Research by pollsters Survation found support for climate action particularly high in Tory-held constituencies in the southeast of England, where the Tories are facing a series of challenges by the Lib Dems and Labour. The Tories are predicted to hold just 29 out of 52 seats in the southeast, according to analysis of over 20,000 voters by the firm.
It comes as Mr Sunak jettisoned a long list of net zero pledges, including delaying a ban on the sale of new petrol and diesel cars until 2035, and introducing diluted targets for the phasing out of gas boilers. He was also widely mocked for axing policies that did not exist – such as theoretical new taxes on meat or “compulsory” car sharing – topics which are often fodder for online disinformation.
However, the party’s stance on green issues has proven a vote winner in at least one constituency, as the Tories won the Uxbridge byelection by opposing Sadiq Khan’s expansion of the Ulez anti-pollution scheme.
Ulez has proven to be a divisive issue, with a backlash from motorists forced to pay a daily £12.50 charge if their vehicles do not meet low emissions standards. The Conservatives capitalised on the discontent and rode it to a narrow victory in July, in a seat thought to be Labour’s for the taking.
But in a fresh blow for Mr Sunak, Survation found the most marginal constituencies in Tory heartland seats overwhelmingly support almost all specific climate policies polled. In addition, almost three in four of these constituents (72 per cent) said those policies would influence how they voted.
Georgia Whitaker, a climate campaigner at Greenpeace, which commissioned the polling, said: “Voters in the most hotly contested seats are saying that climate change matters to them, and they want bold policies to tackle it.
“But in a desperate attempt to play politics with the climate, Sunak risks haemorrhaging his party’s support in Tory strongholds and key marginals.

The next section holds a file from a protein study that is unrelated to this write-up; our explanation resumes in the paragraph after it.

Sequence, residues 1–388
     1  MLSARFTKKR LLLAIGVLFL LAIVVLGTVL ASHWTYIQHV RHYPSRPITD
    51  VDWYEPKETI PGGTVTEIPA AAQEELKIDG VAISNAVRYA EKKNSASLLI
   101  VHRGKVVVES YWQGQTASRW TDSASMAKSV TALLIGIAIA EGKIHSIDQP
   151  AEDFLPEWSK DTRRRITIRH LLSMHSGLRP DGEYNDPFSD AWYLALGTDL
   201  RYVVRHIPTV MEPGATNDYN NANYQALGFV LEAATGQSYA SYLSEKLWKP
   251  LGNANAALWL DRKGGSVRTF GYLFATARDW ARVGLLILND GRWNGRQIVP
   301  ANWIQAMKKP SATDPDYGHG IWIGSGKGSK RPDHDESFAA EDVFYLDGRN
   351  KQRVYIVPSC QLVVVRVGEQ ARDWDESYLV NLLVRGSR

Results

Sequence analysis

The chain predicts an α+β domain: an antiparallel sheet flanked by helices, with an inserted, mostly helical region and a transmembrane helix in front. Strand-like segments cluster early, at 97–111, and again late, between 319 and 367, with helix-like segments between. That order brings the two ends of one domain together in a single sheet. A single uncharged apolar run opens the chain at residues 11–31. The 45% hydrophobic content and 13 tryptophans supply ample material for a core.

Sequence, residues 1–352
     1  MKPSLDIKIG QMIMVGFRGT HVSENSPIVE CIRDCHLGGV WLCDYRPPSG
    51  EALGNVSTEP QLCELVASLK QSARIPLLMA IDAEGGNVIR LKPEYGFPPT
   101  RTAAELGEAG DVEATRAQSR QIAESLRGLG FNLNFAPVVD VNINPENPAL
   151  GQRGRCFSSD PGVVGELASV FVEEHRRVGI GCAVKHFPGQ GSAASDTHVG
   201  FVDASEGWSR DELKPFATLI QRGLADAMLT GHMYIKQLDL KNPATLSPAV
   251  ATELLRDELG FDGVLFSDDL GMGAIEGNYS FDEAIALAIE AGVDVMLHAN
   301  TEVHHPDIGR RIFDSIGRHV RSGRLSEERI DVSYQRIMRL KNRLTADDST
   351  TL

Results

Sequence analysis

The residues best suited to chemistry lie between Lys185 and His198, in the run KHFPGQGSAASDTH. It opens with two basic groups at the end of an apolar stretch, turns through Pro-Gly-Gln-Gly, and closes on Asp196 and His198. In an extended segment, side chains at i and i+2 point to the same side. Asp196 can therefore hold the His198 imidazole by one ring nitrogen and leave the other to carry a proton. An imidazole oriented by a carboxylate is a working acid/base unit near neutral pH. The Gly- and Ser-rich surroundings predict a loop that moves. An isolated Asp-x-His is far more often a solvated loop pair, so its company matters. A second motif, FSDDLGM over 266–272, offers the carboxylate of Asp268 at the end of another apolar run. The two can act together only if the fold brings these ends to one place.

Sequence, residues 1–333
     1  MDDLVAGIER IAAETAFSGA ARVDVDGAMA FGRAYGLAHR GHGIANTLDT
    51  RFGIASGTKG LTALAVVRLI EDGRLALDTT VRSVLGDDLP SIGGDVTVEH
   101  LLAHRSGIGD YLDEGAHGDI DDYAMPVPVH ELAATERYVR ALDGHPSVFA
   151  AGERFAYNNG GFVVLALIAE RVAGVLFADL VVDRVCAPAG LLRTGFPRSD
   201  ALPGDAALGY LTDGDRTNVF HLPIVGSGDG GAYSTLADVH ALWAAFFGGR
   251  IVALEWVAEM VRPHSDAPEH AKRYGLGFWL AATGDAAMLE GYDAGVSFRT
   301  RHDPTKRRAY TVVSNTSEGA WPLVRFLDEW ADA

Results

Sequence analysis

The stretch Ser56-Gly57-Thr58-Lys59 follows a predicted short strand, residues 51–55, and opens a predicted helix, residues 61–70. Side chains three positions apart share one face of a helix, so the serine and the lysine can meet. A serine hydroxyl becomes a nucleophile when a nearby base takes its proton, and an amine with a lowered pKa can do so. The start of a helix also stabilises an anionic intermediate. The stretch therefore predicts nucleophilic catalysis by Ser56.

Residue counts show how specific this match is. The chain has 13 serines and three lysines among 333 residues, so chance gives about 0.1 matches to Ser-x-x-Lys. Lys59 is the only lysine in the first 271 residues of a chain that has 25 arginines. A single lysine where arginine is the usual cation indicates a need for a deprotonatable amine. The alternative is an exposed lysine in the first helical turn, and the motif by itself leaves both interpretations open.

“This endless flip-flopping on such vital issues will not only leave people with higher bills and a damaged economy, but it could badly backfire against Sunak’s party at the next election unless the government changes tack.”
Some 85 per cent of voters in the blue wall want the government to provide more financial support to insulate homes, while almost four in five (73 per cent) want more government funding for heat pumps.
And 88 per cent want to see more investment in renewable power, while 79 per cent want rail travel subsidised to ensure it is always cheaper than driving.
Greenpeace has launched a campaign to encourage people to become “climate voters” at the next general election, expected next year.
They want voters to choose candidates who are committed to reducing the UK’s emissions in line with scientific advice and improving nature.
Activists said they were aiming to recruit at least 1 million climate voters and would be knocking on doors across the country but especially in marginal and blue wall areas.
The campaign has received support from high-profile celebrities including Stephen Fry, Olivia Colman, Mel B, Will Poulter and Joe Lycett, who have also put their signature to an open letter alongside 100,000 other people demanding politicians take stronger action on climate.
Actor Peter Capaldi, who is also backing the campaign, said: “It can feel overwhelming when you look at all the crises we are facing, like the cost of living, extreme weather, and pollution choking our rivers and seas.
“But none of this is inevitable and, although we’re clearly already suffering the effects of extreme weather, there’s still time to change direction.
“I stand with people all over the country who are demanding climate action for our NHS, our economy and our planet. A safer, healthier future for all is within our grasp if politicians can be bold and brave enough to deliver it.
“It’s up to us to demand that our political leaders listen, and deliver on what the country and our children deserve.”